The idea wasn’t always that the 3D printing revolution would end up as a K-12 educational tool, but here we are.
Downtown Brooklyn’s MakerBot announced this week its plan to continue to grow its sales in its the education space, launching the MakerBot Educator’s Guidebook and MyMakerBot, a cloud-based platform for classroom printing.
“We have renewed confidence that we’re on the right path,” said Josh Snider, a spokesman for the company. “Our new CEO, Nadav, has kind of righted the ship.”
Nadav Goshen is the company’s third CEO since 2015. He took over from Jonathan Jaglom in January, who himself was one CEO removed from MakerBot’s founder, Bre Pettis.
“There’s definitely been a good emphasis on focus where in the past the focus wasn’t there,” added Drew Lentz, the manager of MakerBot Learning, the company’s education team.
To understand where MakerBot is, one needs a little recollection of where it’s been.
"We're actually focusing on a real audience rather than trying the flashiest things."
In 2011, Pettis launched MakerBot onto the national scale, appearing on the Colbert Report with scanned and printed replicas of Stephen Colbert’s head, among other things. The following year, holding a MakerBot Replicator 2, he stood on the cover of Wired, behind the words “THIS MACHINE WILL CHANGE THE WORLD.” In 2013, 3D-printing giant Stratasys bought MakerBot for more than $400 million. Pettis’s (and MakerBot’s) dream was to create a world where people could manufacture just about anything out of their home.
— MakerBot (@makerbot) July 6, 2017
The dream, though maybe not dead, certainly has not yet been realized.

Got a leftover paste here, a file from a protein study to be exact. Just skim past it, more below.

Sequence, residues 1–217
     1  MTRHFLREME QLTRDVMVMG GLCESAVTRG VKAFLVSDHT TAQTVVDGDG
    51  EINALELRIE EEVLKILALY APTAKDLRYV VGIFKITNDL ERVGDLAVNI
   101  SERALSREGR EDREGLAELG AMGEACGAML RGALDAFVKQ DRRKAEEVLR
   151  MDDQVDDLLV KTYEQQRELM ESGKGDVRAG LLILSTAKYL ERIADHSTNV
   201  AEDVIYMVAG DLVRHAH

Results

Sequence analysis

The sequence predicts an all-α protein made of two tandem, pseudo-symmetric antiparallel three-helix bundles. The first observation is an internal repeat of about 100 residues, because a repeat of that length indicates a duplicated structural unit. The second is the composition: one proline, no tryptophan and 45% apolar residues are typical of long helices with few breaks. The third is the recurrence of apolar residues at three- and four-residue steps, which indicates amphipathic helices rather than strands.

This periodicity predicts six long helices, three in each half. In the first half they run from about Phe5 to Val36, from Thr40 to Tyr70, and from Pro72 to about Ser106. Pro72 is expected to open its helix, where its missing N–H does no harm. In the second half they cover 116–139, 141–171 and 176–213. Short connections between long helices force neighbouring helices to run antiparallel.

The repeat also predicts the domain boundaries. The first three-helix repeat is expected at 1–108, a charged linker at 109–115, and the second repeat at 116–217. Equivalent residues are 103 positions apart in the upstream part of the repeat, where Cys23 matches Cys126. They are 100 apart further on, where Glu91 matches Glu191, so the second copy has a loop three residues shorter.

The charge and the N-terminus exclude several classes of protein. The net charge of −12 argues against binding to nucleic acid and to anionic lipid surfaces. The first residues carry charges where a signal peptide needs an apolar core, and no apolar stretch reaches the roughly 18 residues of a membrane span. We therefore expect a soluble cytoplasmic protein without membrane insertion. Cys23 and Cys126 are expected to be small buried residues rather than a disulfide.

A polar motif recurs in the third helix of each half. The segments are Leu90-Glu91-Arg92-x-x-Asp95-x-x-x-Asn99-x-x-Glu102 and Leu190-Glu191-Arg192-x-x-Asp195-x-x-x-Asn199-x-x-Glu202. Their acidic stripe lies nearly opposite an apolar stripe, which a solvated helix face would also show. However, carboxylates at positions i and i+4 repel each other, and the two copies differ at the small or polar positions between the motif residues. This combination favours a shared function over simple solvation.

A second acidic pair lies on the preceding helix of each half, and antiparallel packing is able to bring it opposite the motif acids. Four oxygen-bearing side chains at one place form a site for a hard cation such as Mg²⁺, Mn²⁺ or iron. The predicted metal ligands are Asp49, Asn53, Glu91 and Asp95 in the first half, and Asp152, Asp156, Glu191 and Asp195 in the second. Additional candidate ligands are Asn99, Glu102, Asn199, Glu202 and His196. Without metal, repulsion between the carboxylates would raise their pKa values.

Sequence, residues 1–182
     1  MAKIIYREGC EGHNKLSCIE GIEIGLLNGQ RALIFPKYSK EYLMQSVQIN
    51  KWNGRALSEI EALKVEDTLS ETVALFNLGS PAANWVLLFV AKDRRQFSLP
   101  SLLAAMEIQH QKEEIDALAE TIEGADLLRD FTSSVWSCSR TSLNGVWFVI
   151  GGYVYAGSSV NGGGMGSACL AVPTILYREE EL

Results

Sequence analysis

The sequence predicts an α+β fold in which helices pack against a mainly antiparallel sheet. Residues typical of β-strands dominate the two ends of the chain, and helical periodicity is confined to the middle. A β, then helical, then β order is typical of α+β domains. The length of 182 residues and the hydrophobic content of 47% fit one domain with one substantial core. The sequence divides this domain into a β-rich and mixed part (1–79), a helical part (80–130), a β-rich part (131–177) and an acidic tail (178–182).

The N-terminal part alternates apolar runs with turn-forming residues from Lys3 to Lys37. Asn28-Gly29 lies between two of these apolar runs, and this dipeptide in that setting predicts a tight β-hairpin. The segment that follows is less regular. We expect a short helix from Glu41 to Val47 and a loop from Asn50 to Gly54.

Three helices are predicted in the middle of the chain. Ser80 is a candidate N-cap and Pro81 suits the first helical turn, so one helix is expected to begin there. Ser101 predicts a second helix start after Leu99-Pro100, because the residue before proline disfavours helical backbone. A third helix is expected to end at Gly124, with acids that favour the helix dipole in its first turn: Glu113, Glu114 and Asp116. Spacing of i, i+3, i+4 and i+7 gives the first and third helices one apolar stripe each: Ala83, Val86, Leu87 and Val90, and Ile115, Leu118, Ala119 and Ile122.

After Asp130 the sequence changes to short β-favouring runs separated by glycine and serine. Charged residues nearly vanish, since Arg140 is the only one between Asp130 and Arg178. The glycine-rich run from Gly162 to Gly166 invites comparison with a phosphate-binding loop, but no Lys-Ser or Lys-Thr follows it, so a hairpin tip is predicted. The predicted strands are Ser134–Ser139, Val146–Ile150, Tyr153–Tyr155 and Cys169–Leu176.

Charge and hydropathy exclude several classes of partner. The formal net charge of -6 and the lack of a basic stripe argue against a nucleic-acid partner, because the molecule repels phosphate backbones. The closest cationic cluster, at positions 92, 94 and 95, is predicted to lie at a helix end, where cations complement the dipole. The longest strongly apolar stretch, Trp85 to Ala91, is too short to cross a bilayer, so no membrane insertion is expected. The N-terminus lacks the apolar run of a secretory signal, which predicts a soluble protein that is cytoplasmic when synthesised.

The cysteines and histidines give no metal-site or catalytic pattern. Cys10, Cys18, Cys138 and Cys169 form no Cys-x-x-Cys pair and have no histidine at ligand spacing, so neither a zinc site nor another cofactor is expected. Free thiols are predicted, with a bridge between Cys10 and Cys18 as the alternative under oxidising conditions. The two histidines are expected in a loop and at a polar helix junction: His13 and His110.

In the years that followed, MakerBot didn’t sell like it hoped it would. Through numerous rounds of layoffs, its number of employees dwindled from an estimated 600 to currently around 150. In 2016 it closed down its Industry City factory that produced its machines and moved production to China. Late last year, Wired had a new feature story on MakerBot: “THE 3D PRINTING REVOLUTION THAT WASN’T,” written by Technical.ly alum Andrew Zaleski.
The thing is, though, MakerBot’s still here. It’s 2017 and its employees seem excited about the future.
“There was no information on how people were using it or what to expect from it and as a result we explored products in a ton of different markets at once,” Snider said. “We kind of spent a lot of time chasing a market instead of focusing one we’d created.”
But with education, MakerBot sees demand growing from the ground up.
“There’s been a huge push over the last 10 or so years on STEM and on getting real technology into the hands of students,” explained Lentz, on the adoption of MakerBot’s 3D printers in schools. “At first it happened without us trying to make it happen, like four years ago. Out of that came Thingiverse Education, which is content for teachers who really didn’t have a lot of content for the classroom.”
Thingiverse Education is a database of 3D-printing projects. Teachers can upload designs and projects and also search by subject and find files that can be printed out by students.
As the number of entries in Thingiverse grew, MakerBot saw that there was a market need there, and that’s where the idea for its Educator’s Guidebook came from. In the guidebook, teachers are given instructions on best practices in 3D printing and how to create lesson plans out of projects on Thingiverse. More than 14,000 projects were downloaded last month, according to MakerBot. Those projects include stuff like a 3D-printed map of the world, where each piece that’s printed out is a country. That was uploaded by a third-grade teacher in Madison, Wis. There are hundreds more like it in the database.
The most popular item to print? The fidget spinner, of course.
All of this is not to say that MakerBot has given up on its professional customers: makers, designers who use the machines for prototyping, engineers and the rest. The company is still working on a new model 3D printer which it expects will be faster, more reliable and simpler to use.
The company hasn’t given up on the idea that 3D printing can change the world, either, though it seems to have changed its expectations for what the timeline of such a change might be.
“We’re actually focusing on a real audience rather than trying the flashiest things,” Lentz said.
It’s a departure from the early days, but maybe that’s a revolution worth fighting for.